Hmmm. Maybe sending your kids to college isn’t the most beneficial thing to securing a job


Important Takeaways:

  • Report finds 52% of recent college grads working in fast food, retail and other ‘underemployed’ jobs
  • Americans have long viewed a four-year college degree as essential to financial success, but a report finds that most graduates can’t find a job requiring a degree within a year of commencement.
  • The nonprofit Strada Institute for the Future of Work and the Burning Glass Institute reported this month that 52% of graduates were “underemployed” in food service, hospitality, retail sales, office administration and other fields a year after earning a bachelor’s degree. The study analyzed federal statistics, job postings and online resumes of more than 60 million U.S. workers.
  • Ten years after graduation, 45% still didn’t hold a job requiring college-level skills. By contrast, 79% of graduates who started their careers with college-level jobs still had such work five years later.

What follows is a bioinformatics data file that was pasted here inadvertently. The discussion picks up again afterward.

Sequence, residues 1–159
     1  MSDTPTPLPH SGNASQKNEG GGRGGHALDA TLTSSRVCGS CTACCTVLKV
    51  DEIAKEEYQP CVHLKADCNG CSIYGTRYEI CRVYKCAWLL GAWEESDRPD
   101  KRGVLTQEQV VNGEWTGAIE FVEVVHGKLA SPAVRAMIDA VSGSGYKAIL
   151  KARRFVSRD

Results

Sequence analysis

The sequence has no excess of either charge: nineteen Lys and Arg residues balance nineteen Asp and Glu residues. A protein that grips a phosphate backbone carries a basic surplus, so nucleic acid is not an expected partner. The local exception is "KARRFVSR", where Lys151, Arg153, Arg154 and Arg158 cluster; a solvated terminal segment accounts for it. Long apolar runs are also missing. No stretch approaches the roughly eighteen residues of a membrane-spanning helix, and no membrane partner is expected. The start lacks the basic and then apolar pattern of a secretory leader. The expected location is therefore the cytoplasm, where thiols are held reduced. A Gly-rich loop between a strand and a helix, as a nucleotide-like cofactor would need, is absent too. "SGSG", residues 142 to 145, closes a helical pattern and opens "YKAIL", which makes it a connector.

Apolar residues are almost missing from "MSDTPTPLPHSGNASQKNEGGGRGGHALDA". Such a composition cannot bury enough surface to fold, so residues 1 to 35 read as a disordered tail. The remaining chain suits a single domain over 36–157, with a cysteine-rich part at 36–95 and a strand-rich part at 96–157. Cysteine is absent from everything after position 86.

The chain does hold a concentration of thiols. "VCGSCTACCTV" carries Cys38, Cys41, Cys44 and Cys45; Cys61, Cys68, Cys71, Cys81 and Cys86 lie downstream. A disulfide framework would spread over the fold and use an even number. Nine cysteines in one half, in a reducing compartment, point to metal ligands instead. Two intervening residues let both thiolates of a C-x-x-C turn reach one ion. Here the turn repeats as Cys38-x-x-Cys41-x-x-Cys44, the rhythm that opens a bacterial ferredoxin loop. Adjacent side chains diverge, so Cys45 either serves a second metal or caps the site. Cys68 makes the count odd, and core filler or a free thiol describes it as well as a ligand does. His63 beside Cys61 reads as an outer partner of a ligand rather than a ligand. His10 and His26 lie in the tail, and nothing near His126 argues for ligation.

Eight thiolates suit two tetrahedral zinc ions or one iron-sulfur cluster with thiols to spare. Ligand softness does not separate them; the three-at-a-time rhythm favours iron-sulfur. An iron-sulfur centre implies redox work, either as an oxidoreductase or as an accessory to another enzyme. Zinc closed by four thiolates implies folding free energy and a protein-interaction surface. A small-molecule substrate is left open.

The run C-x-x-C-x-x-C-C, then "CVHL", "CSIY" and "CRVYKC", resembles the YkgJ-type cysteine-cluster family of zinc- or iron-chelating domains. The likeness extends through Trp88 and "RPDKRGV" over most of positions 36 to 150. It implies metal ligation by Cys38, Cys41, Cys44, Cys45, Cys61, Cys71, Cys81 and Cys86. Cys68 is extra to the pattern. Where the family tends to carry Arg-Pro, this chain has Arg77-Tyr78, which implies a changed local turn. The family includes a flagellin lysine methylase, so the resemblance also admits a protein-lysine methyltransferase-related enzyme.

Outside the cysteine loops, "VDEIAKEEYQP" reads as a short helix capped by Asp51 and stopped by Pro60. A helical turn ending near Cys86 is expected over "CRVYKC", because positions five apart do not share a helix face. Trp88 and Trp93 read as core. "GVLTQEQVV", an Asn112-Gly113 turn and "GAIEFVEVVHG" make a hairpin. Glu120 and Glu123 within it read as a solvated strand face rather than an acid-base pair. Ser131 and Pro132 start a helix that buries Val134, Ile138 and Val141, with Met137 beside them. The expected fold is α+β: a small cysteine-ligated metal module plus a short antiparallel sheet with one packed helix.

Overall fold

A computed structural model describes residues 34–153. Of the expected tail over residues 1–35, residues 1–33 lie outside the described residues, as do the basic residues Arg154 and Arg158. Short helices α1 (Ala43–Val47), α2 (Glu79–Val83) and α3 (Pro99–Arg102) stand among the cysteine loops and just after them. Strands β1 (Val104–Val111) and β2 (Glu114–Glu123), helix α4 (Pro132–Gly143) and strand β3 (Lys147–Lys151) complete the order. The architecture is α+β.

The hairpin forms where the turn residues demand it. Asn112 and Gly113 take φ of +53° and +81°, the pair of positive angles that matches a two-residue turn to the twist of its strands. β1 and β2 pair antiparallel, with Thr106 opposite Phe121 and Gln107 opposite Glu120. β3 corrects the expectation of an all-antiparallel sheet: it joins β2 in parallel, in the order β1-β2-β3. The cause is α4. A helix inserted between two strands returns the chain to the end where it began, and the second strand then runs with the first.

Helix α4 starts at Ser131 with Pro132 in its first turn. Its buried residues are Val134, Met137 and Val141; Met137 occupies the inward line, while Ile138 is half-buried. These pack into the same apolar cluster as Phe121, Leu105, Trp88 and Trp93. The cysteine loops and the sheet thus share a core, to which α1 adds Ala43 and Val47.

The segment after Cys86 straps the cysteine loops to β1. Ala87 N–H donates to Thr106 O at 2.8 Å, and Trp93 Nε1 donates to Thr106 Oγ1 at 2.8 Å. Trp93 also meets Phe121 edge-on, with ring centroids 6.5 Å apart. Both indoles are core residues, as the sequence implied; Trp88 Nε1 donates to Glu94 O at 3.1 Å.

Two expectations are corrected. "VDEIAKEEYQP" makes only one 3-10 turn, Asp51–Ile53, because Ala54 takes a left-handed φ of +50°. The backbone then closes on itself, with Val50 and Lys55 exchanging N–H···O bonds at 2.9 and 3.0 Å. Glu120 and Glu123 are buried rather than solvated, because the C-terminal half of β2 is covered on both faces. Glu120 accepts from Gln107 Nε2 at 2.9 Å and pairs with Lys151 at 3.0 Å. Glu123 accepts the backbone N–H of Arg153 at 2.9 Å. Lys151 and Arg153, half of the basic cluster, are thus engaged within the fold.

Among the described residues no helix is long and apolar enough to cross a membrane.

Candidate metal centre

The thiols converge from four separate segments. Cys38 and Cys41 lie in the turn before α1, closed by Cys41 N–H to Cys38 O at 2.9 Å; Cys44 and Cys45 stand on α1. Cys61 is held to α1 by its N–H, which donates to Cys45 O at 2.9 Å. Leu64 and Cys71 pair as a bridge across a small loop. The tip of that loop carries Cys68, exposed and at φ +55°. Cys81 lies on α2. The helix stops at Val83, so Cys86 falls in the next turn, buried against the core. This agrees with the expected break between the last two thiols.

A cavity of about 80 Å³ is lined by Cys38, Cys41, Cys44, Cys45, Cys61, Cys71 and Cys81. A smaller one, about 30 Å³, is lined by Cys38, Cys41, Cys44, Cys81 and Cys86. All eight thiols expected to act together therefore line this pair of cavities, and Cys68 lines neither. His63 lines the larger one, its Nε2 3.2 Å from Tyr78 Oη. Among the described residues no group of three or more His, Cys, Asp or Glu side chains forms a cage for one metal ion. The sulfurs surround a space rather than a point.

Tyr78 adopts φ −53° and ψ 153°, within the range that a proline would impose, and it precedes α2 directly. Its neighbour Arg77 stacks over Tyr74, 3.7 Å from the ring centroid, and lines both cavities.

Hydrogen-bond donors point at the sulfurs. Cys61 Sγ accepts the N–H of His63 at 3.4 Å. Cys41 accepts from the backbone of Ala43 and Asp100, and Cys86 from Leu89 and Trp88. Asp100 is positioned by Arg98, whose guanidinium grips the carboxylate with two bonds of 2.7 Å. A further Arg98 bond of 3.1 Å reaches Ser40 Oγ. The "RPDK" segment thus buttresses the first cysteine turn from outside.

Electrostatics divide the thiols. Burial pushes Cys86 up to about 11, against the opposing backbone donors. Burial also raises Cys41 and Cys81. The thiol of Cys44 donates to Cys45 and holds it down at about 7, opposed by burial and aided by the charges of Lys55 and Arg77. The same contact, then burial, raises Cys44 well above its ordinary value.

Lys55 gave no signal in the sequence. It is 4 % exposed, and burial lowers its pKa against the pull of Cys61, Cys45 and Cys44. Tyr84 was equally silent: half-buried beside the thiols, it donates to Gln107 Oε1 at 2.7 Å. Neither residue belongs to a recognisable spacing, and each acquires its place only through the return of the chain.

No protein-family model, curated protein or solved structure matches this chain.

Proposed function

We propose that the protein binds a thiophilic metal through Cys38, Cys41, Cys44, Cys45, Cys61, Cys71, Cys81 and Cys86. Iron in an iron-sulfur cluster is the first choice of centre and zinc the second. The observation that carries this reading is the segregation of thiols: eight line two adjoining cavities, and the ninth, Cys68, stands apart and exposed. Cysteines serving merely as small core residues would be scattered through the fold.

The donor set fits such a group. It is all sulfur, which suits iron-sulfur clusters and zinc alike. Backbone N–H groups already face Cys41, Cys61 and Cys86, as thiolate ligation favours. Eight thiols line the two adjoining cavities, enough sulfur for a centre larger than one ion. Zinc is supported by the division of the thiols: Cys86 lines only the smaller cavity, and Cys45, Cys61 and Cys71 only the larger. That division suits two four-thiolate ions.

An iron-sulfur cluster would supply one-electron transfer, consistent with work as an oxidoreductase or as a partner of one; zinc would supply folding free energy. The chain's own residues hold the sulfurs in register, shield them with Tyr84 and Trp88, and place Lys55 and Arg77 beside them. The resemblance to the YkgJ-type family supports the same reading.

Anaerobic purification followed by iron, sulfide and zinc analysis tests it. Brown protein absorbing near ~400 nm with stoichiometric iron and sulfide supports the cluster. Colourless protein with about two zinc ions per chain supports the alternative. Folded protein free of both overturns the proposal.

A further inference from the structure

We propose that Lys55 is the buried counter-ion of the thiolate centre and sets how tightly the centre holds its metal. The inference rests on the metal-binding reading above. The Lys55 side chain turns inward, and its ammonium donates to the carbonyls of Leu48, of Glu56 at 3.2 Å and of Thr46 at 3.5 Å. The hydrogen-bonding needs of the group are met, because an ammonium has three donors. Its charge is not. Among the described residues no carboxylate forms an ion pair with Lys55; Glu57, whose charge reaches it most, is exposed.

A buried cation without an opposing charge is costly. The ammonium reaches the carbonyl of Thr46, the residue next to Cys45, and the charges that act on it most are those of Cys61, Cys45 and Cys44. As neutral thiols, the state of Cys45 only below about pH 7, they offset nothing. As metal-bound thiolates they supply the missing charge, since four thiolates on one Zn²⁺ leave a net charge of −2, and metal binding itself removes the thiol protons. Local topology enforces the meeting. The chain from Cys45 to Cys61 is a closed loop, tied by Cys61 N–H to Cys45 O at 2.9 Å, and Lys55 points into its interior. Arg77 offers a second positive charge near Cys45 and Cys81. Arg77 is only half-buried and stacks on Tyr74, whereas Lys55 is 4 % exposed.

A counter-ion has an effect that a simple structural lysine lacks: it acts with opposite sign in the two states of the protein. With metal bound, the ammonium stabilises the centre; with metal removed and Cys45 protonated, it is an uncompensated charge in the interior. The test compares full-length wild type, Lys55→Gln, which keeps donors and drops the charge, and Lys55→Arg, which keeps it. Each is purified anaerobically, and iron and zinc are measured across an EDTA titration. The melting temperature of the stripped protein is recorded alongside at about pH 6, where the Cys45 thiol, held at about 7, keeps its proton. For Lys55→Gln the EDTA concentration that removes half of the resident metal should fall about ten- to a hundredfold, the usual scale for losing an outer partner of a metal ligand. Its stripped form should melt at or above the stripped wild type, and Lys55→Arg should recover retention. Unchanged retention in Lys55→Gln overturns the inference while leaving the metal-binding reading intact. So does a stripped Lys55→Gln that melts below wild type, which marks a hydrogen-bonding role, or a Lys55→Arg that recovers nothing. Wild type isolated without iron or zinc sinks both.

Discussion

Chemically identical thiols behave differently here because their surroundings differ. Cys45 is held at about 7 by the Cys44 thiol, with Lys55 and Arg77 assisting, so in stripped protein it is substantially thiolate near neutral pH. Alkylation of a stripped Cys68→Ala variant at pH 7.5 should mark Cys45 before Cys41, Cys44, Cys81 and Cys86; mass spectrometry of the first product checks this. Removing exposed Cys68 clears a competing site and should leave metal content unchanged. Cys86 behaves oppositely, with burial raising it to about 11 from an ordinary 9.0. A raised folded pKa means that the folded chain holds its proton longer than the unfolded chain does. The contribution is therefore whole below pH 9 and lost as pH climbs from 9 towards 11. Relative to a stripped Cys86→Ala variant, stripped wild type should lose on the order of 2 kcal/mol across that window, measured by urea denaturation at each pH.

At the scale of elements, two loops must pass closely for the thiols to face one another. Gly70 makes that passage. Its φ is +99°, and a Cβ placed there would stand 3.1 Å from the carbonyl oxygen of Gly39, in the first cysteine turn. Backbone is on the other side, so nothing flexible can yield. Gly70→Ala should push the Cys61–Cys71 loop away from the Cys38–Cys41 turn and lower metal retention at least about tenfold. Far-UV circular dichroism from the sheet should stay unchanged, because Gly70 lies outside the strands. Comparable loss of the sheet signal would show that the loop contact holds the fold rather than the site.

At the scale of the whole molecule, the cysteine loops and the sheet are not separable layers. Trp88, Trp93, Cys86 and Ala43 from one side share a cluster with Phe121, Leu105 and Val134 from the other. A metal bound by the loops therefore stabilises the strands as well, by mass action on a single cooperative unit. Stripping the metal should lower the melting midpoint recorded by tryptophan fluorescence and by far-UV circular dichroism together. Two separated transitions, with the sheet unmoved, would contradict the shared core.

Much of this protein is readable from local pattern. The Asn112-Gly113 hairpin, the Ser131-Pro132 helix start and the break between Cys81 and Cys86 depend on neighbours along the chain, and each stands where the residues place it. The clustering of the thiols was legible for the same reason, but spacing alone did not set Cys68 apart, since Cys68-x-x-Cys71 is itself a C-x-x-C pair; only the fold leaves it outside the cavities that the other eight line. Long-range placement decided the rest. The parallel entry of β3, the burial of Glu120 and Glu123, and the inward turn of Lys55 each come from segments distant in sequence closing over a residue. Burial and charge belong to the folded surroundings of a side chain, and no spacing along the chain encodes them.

• Liberal arts and humanities majors struggled the most, but the report found that biology, physics, psychology and communications majors also failed to secure related positions.
  • The Indianapolis-based Strada Education Foundation said the findings “show that a college degree is not always a guarantee of labor market success.”
  • Several economists, workforce analysts and higher education leaders interviewed by The Washington Times agreed. They said the numbers underline a growing disconnect between what colleges teach and what employers need in a tight labor market.

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